Wednesday, July 02, 2014

"A Place of Remembrance": NatGeo offers a book based on the 9/11 Memorial Museum in NYC


The National September 11 Memorial in New York City (link) at the new Liberty Tower sells, in the gift shop, National Geographic’s “A Place of Remembrance: Official Book of the National September 11 Memorial”, a glossy and heavy paperback, authored by Allison Blais and Lynn Rasic, with a Foreword by Michael R. Bloomberg, and an Afterword by Joe Daniels.  The book runs 228 pages and has 8 chapters.

The biggest value of the book is the myriad professional photos, including almost all of the contents of the Memorial.  Flash photography is not allowed in the Museum, and a major sanctum at the Museum does not allow photography at all.  But many small items are shown in the book, as on p. 77.

The most interesting part of the text is the early part, giving the history of the World Trade Center.  The early engineering work in the 1960s as advanced for its time, as were the problems of displacing people from “Radio Row”.  I had taken the ride to the top in the summer of 1970 myself, when I had started my first employement gig in New Jersey.  I wasn’t aware that the Port Authority was getting out of the real estate business and selling the building in the summer of 2001.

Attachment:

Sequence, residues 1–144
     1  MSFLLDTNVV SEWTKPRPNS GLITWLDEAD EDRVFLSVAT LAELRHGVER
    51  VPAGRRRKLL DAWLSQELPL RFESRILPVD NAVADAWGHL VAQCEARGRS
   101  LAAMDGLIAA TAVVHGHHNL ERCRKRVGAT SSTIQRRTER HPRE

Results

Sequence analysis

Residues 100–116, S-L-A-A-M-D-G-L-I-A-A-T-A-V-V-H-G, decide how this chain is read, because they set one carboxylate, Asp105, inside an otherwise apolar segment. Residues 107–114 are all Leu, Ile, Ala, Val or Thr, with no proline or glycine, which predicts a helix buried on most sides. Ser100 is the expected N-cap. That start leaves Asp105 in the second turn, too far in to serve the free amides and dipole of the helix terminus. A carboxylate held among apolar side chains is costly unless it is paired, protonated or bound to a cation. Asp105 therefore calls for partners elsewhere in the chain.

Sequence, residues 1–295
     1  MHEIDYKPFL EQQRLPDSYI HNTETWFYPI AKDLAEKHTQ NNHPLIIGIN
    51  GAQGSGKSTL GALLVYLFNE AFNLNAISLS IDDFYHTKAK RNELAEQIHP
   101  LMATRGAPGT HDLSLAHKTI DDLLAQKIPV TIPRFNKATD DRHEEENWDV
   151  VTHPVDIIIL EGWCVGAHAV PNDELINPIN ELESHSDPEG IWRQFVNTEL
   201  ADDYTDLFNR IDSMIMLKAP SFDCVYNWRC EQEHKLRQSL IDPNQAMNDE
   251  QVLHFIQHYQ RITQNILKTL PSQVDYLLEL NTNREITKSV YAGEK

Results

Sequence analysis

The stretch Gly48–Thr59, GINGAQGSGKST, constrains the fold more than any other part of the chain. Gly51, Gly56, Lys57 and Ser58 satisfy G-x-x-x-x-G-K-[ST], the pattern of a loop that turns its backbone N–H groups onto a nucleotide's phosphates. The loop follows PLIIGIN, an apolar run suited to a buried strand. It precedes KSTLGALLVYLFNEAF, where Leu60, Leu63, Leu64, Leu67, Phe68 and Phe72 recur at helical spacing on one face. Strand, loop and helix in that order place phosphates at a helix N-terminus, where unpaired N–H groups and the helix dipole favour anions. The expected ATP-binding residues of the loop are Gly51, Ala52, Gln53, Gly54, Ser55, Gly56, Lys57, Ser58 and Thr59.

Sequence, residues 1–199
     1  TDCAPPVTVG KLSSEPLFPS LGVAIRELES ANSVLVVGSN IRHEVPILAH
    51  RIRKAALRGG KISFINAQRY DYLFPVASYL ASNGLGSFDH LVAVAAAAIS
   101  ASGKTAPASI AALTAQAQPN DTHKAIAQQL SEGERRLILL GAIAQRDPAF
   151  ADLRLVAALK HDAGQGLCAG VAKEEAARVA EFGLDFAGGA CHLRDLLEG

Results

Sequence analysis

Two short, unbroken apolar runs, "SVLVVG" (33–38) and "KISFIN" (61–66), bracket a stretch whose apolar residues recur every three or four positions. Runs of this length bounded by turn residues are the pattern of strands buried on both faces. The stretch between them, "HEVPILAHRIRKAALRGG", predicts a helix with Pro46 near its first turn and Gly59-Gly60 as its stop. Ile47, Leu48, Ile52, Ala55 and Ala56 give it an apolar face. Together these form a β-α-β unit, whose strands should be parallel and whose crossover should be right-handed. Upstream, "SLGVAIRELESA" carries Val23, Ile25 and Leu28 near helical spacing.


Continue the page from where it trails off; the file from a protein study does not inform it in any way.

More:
Of course, the book recreates the details of September 11, 2001 in both New York City and at the Pentagon in detail (as well as Flight 93).  One detail that is often overlooked is the displacement of many lower Manhattan residents.  Some were not able to return to their apartments or condos for weeks to months, some as long as a year.  Since property insurance typically doesn’t cover acts of war or terror, I’m not sure how these residents would have fared or whether the Bush administration or Congress arranged to compensate them.  Possessions would have been irretrievable and lost (including work, as with artists) in some cases. 
  
  
About the last half of the book describes rebuilding the site (including Liberty Tower) and the Memorial and Museum themselves (there is an outdoor fountain Memorial area which can be visited without going into the Museum).  I recall that designs were submitted in 2002, and that originally the site was to be rebuilt by 2008, but in fact the Liberty Tower wasn’t finished until 2013 and it is still not quite open yet.  A subplot of one of my screenplay scripts (“American Epic”), deals with the effort to plan the rebuilding, but that thread has become obsolete.




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